The complaint goes on to outline a number of “scandalous revelations” about USPTO and PTAB operations that came to light beginning in about 2017, including USPTO admissions about “panel stacking,” improper compensation structures for APJs, and discouraging dissenting opinions. At all times “relevant to the IP proceedings” at issue in the suit, Michelle Lee was Director of the USPTO, explains the complaint. After further independent research into the APJs who decided the IPRs, Hoyle found that APJ Medley had cancelled the challenged patents in 100% of the 64 IPR proceedings she had presided over; APJ Deshpande had cancelled the challenged patents in 100% of the IPR proceedings over which he had presided as of 2015; and APJ Pettigrew had a cancellation rate of 97% as of 2015.

Hoyle claims that the USPTO leadership at the time – including former Google executive Michelle Lee – thus chose these particular APJs on purpose.

SAWS and Salaries

In further revelations, the lawsuit claims that conversations between a private investigator and a patent examiner divulged that the examiner had been instructed to flag all patent applications covering targeted advertising technologies for increased scrutiny under the Sensitive Application Warning System (SAWS) program while she was at the USPTO. This decision was made during Lee’s time as Director, according to the complaint.

Hoyle’s complaint also points to a recent paper by Ron Katznelson in which the author claims the framework of the PTAB’s bonus system raises due process concerns by incentivizing the judges to make decisions adverse to patent owners.

The Deck Was Always Stacked

Ultimately, the complaint argues that the various factors surrounding B.E. Technology’s IPRs “amount to a particularly clear and egregious violation of Plaintiffs’ rights and leave no room for debate as to the unconstitutionality of those proceedings.” While the Office has taken recent actions to address some of the issues described, such as modifying APJ compensation structures, claiming to have discontinued the SAWS program, and taking steps pursuant to Arthrex v. Smith & Nephew to cure constitutional infirmities under the AIA, it has not addressed all of the issues and, in any case, “these corrective measures offer nothing in the way of relief or remedies to the Plaintiffs—who were deprived of valuable property rights after being forced to adjudicate the validity of their patents in a forum where the deck was improperly stacked against them, without their knowledge.”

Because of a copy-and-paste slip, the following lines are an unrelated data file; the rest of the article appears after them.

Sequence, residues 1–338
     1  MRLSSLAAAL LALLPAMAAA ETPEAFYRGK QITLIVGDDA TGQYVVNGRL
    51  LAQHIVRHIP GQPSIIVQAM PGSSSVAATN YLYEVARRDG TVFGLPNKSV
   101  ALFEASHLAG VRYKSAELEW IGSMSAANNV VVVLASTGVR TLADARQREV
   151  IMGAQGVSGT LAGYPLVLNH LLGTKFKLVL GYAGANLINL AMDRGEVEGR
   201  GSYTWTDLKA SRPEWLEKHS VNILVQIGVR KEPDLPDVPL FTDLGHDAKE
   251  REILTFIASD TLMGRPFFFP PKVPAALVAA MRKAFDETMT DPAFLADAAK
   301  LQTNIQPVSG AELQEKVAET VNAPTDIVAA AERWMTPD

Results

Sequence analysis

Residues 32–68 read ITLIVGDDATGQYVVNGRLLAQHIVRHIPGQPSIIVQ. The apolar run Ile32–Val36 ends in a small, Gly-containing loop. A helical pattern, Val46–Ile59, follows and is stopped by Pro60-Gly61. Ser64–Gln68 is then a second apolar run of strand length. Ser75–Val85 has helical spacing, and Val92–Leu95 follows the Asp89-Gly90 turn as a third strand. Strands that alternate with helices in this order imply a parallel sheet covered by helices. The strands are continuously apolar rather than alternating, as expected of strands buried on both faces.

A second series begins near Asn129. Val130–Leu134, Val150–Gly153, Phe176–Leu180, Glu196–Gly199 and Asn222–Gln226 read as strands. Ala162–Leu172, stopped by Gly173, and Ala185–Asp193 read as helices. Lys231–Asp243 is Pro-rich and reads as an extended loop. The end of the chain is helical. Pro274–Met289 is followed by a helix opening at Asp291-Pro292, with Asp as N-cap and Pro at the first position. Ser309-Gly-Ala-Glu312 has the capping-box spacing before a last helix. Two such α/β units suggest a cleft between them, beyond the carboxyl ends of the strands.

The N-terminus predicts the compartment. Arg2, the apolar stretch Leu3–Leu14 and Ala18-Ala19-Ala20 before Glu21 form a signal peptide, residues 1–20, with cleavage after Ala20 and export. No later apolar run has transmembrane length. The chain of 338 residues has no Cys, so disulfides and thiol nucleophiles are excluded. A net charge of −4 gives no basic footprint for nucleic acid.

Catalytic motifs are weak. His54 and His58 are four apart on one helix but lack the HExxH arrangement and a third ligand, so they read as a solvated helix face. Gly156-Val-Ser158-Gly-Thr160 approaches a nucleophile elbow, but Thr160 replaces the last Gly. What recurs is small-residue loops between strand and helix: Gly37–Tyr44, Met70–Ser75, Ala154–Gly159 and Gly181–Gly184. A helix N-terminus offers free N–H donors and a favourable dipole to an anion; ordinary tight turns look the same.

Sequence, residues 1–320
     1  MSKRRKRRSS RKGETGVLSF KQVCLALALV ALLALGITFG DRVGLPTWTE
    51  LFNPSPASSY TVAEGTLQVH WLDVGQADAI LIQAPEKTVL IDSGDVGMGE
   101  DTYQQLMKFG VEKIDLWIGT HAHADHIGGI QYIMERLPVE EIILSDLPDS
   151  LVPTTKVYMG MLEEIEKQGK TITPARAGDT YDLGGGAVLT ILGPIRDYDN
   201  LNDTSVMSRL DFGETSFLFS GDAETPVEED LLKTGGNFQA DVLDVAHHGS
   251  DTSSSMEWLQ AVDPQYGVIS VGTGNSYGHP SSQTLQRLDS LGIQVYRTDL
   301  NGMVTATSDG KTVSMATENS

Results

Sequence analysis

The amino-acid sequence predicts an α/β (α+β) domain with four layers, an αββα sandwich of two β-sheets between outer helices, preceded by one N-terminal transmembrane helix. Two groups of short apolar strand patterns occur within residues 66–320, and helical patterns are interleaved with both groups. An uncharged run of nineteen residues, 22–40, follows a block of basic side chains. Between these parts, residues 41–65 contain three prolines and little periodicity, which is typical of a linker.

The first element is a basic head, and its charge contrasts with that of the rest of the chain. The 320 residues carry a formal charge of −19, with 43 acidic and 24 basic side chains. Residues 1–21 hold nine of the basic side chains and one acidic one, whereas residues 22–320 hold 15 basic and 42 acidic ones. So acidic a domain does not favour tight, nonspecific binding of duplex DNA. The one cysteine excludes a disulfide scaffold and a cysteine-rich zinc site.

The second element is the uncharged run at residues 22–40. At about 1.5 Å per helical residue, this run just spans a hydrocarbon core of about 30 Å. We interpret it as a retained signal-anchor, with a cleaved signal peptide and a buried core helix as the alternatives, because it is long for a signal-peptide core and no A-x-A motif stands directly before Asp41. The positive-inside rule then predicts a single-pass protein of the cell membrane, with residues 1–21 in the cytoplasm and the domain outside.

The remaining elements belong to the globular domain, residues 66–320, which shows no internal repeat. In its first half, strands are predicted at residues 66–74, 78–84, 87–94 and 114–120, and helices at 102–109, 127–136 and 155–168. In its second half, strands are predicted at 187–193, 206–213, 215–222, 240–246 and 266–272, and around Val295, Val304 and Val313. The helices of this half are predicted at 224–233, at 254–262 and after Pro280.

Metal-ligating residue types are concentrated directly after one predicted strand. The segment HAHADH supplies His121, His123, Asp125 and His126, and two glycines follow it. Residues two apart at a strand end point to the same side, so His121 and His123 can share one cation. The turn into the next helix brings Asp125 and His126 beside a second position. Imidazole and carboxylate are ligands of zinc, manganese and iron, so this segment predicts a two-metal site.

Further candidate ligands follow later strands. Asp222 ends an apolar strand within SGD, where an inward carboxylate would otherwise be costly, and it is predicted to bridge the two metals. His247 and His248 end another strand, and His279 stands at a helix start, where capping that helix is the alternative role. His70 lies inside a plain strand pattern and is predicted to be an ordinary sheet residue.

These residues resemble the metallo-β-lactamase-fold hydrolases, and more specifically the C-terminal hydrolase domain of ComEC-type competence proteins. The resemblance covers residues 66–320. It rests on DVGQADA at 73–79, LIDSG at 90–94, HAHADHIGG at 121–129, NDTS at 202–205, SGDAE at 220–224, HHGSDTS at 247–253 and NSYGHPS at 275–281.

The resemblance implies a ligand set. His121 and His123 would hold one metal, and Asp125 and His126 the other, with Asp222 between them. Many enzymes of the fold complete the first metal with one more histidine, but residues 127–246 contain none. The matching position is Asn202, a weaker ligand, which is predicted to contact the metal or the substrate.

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The Author

Eileen McDermott

Eileen McDermott is the Editor-in-Chief of Eileen is a veteran IP and legal journalist, and no stranger to the intellectual property world, having held editorial and managerial positions at several publications and industry organizations. She has acted as editorial consultant for the International Trademark Association (INTA), chiefly overseeing the editorial process for the Association’s twice-monthly newsletter, the INTA Bulletin. Eileen has also served as a freelance editor for the World Intellectual Property Organization (WIPO); as senior consulting editor for the Intellectual Property Owners Association (IPO) from 2015 to 2017; as Managing Editor and Editor-in-Chief at INTA from 2013 to 2016; and was Americas Editor for Managing Intellectual Property magazine from 2007 to 2013.